A Humber History,
Why is the Humber still a significant First Nations district and recognized in Canadian legislation.
Major source: Humber River, The Carrying Place published by TRCA (Toronto Region Conservation Authority) in 2009, and financed by the Canadian Heritage Rivers System , a multi jurisdictional body involving both the federal and Ontario governments, and whose charter states
“The Canadian Heritage Rivers System respects Aboriginal peoples, community, landowner and individual rights and interests in the nomination, designation and management of heritage rivers”
In 1999, the Governments of Canada and Ontario recognized the Humber River as a Canadian Heritage River, and 10 years later, the Toronto Region Conservation Authority published this celebratory book which gather historic references about the area, as well as lists the values a healthy Humber watershed contributes to the region. These values are at risk from the Crosstown extension.
This document is a precis of the information in the TRCA book, plus information from other sources. The book includes the map below and has the bibliography to support the statements.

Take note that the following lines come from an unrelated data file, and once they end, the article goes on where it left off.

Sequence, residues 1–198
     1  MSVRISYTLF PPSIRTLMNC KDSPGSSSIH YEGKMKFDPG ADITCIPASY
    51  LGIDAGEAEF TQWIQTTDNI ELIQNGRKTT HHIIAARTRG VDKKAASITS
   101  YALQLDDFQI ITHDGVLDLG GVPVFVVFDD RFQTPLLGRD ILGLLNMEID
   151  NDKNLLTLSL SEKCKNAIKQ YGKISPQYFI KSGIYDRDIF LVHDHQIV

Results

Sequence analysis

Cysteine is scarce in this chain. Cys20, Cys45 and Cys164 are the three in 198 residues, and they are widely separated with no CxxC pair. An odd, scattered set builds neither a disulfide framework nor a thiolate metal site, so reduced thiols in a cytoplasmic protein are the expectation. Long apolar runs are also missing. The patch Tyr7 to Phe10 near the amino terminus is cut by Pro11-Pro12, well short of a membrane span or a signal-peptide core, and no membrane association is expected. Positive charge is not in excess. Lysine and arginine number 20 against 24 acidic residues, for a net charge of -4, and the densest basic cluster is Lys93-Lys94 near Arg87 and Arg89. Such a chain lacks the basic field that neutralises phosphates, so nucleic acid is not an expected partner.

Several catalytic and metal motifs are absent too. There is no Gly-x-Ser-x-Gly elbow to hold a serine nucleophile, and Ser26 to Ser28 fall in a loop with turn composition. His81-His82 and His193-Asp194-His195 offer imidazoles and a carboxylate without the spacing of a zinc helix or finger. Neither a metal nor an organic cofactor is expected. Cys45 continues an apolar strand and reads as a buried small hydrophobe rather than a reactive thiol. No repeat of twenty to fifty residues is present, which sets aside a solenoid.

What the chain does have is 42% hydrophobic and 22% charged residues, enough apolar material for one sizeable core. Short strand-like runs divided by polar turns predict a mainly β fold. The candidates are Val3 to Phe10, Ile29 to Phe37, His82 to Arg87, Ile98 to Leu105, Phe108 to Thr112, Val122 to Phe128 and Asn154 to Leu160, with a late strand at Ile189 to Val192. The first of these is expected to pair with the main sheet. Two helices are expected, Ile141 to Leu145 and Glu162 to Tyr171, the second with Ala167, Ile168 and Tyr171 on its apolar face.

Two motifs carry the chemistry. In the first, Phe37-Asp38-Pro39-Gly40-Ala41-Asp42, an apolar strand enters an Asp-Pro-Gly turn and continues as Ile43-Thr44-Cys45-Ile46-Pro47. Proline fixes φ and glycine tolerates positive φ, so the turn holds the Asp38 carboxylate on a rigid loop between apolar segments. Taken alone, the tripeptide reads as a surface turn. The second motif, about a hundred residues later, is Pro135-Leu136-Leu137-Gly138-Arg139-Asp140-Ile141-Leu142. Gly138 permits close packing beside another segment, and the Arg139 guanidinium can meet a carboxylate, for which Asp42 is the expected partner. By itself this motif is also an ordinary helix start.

Archaeologists have discovered evidence of human occupation in the Humber watershed going back 12,000 years. Between 7000 BC and 1000 BC, seasonal settlements existed, and those settlement show the first evidence of trade with goods flowing between the Arctic and the Gulf of Mexico. Ontario Petroglyphs have been dated to this period.
About 1,000 BC agriculture is introduced with corn, beans and squash cultivated. Villages tend to be located on rivers and creeks where there are fish and fresh water.
Ontario’s first Governor, John Graves Simcoe travelled the Humber in 1793; his journey is recorded in his diary. Augustus Jones was the provincial surveyor and he was responsible for the first surveys of the area. The map below is based on his work, and clearly shows the extent of the Carrying Place Trail. Of particular note, the trail sometimes is adjacent to the watercourse, but for much of the trail, it is located on the table lands sometimes hundreds of meters from the river.
In the Mount Dennis area, the trail goes around what is now Eglinton Flats, probably because the Flats are frequently flooded and boggy, while the table lands sit on sand and gravel and are usually dry and stable and thus more suitable for people carrying goods.
The published map shows the location of known First Nations villages, and of Simcoe’s campsites. This is clear evidence that the area surrounding Eglinton Flats, including the valley walls and table lands, were known to be of major significance to First Nations at the time of first settlement.